create your own artist class (maybe this is what you meant by
"implemented"). A simple version of bezier artist can be found in
mpl_toolkits.axes_grid.axeslines.BezierPath (included in mpl 0.99).

If you haven't, please take a look at the tutorial below.

http://matplotlib.sourceforge.net/users/path_tutorial.html

-JJ

···

On Thu, Aug 20, 2009 at 2:01 AM, Sameer Regmi<regmisk@...287...> wrote:

We tried the method 1 but the result was a garbled mesh

Sameer Regmi wrote:

We are working on plotting mesh (in hermes2d: http://hpfem.math.unr.edu/projects/hermes2d-new/)

In the hermes2d examples curves are defined as [4, 7, 45] where 4,7 are vertices indices, and 45 is center angle.

1) matplot.path porvides a way to plot curve with three points
http://matplotlib.sourceforge.net/api/path_api.html#module-matplotlib.path

This is a Bezier spline -- it can not exactly form a piece of a circle (though it can get pretty close). You can probably find the math somewhere for how to approximate a circle, but...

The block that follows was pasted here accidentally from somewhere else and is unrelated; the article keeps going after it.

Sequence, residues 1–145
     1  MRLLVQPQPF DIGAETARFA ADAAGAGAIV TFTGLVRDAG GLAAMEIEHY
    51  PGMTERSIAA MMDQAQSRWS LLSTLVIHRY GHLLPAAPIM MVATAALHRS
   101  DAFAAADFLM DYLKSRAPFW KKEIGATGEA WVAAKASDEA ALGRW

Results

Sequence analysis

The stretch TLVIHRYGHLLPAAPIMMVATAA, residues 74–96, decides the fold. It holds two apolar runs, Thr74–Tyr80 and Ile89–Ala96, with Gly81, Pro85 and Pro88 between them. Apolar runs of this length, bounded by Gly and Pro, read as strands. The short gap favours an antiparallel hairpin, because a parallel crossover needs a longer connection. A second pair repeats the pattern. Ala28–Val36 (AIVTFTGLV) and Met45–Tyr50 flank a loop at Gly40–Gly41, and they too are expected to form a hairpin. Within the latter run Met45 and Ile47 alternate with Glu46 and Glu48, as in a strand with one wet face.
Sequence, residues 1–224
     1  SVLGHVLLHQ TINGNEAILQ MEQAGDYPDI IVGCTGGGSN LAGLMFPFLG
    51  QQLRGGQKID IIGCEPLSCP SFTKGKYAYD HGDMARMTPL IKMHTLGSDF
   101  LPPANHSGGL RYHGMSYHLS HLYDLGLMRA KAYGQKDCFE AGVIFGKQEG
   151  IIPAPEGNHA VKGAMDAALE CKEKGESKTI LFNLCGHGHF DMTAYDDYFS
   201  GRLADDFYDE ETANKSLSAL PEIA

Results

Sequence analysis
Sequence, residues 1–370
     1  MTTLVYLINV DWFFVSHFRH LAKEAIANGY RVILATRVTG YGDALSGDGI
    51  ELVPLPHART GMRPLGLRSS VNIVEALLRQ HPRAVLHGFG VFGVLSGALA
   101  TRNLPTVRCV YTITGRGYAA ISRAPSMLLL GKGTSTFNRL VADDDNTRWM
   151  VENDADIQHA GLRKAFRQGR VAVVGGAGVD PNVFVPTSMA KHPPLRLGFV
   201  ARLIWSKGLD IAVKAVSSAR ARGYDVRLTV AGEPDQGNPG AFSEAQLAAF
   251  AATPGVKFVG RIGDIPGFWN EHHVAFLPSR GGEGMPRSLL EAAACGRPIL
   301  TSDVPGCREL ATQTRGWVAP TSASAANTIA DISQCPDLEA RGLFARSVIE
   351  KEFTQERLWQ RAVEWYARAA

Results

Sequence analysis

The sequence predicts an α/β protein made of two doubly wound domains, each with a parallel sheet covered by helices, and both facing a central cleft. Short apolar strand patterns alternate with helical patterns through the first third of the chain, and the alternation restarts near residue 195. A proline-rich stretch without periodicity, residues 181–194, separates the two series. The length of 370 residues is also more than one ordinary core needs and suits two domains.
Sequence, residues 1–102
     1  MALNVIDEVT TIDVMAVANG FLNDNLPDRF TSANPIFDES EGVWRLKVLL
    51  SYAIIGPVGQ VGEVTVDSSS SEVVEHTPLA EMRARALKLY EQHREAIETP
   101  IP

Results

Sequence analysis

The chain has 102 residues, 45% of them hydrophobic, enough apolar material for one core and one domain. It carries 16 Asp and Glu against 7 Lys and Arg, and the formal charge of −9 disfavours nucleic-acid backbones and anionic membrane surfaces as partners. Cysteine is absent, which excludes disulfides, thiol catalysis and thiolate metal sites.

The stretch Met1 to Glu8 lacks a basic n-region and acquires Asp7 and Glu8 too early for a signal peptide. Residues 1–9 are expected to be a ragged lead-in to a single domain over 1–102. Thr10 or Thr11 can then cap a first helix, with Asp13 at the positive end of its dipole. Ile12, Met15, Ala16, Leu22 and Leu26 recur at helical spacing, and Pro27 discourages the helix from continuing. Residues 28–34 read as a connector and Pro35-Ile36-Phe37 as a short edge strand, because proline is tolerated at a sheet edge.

2) matplot.patch.arc provides a way to plot an arc
http://matplotlib.sourceforge.net/api/artist_api.html#module-matplotlib.patches

but it needs
-> center of circle
-> start angle
-> end angle
-> radius of circle
   we have to calculate all these with data available to us

Since this actually plots s circle, I think it's a better bet. It should
be pretty straightforward coordinate geometry to find those parameters from the ones you have -- and you only have to write that once!

This page (or others like it) might help you get started:

http://www.codecogs.com/reference/maths/analytical_geometry/the_coordinate_geometry_of_a_circle.php

HTH,

-Chris

···

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Chris.Barker@...259...

somewhere like ... matplotlib.path.unit_circle (thanks to Michael D)

    @classmethod
    def unit_circle(cls):
        """
        (staticmethod) Returns a :class:`Path` of the unit circle.
        The circle is approximated using cubic Bezier curves. This
        uses 8 splines around the circle using the approach presented
        here: